Here's the Scoop: August 3, 2011

When duty calls
I did my duty last week. Almost.
The fact is, I reported for Jury Duty, as instructed. Then, we were all sent home when the case was settled just moments before jury selection. Apparently, that kind of thing happens a lot.
Even though so many cases are settled out of court doesn’t release anyone from their obligation of showing up and possibly being selected to serve on a jury. So, off I went to Delhi to see if I would be called upon to decide someone’s fate. Real power.

The rules of jury duty selection have changed quite a bit. It was previously fairly easy to use one’s profession (newspaper, for example) or the fact that one has 12 kids under the age of 15, as excuses not to serve. You’d think that the latter reason would make you want to escape to the sanity of a courtroom for a few days. Anyhow, I believe that the newspaper work has gotten me out of Jury Duty in the past.

This time around, I had no such option. Honestly, I never minded the idea of Jury Duty, it just seemed like an inconvenience. I don’t think the legal system regards this matter in the same way.

Time to watch TV
In fact, much to my surprise, after filling out some paperwork and listening to instructions about jury selection, we were treated to a 20-minute movie on the topic. I worried a bit when the clerk was setting up the TV system and a message on the screen said to “Insert Cassette Now.” I know we may not be on the cutting edge in Delaware County, but still.

My fears of having entered a time warp were soothed when the screen then made reference to a DVD. Yes, modern day technology. Or not.

The good news is the Jury Duty presentation featured Diane Sawyer, who I’ve had a crush on for decades. The bad news is that this film was made during one of Diane’s rare “bad hair” periods. I’m not sure when this piece was made, but I’m sure that Diane would agree that it needs updating. Her lips were still lovely, though.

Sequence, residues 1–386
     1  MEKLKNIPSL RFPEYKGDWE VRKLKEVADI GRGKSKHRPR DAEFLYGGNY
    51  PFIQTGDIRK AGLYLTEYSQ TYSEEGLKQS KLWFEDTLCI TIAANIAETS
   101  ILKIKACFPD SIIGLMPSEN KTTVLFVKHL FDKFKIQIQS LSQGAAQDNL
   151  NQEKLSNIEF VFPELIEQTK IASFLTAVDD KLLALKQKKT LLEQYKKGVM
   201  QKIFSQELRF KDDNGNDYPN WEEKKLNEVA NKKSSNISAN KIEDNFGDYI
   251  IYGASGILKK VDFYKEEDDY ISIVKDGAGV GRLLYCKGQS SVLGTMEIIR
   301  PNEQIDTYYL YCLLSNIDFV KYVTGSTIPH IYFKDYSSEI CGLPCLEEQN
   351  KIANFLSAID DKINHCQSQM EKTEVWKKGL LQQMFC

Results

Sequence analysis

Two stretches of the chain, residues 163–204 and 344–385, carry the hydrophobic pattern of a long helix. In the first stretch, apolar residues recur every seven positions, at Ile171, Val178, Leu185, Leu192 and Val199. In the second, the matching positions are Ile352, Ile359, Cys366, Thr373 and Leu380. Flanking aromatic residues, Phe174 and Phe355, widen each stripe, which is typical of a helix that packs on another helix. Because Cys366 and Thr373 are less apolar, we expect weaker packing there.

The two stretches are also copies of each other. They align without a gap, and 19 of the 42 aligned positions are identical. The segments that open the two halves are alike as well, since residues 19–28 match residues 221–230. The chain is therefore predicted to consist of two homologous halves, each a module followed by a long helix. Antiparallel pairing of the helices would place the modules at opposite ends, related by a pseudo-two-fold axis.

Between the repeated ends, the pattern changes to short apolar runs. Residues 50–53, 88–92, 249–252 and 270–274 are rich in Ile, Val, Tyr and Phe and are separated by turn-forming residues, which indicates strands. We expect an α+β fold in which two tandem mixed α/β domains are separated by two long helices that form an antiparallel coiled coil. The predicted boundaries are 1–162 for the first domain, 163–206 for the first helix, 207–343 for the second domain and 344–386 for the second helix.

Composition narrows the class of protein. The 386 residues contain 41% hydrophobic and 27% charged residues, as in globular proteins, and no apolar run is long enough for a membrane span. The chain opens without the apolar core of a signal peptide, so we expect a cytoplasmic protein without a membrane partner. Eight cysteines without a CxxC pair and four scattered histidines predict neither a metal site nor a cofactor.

Sizing up the competition
As we listened to the instructions, I took some time to look around at the rest of the prospective jurors. I knew a few of these folks, but most I had never seen. I had no idea whether these people would make good jurors. Except for one.

The woman seated next to me seemed nice enough. But she was having trouble filling out her juror form. I’m guessing that many of you have filled out these forms. They will never be confused with the SATs. The questions on these forms are on par with the difficulty of completing a scratch-off lottery ticket. The woman next to me returned to the front of the room three times to amend her form.

“I don’t mean to overstep my boundaries,” I said to her quietly after she returned to her seat yet again, “but do you think you’re capable of making a black-and-white decision about someone’s guilt or innocence?”

She stared blankly at me. I suddenly felt very sorry for the defendant — whoever he or she might have been.

For better or worse, the case never got that far. It seems, according to the judge who provided us with a brief overview, the defendant had seen the light a few minutes earlier and entered a guilty plea to the crime of which he’d been accused.

It’s public record, so I’m not giving up jury secrets by revealing this information. The defendant, who had previously been charged with another crime, had thought it would be “easy money” when he went to collect the $1,000 bail paid during his original case, if he changed the receipt to indicate that he had paid $5,000 in bail money.

The plan, ummm, didn’t work. But you can’t really blame the guy — he was guilty of being overly optimistic.
— Brian Sweeney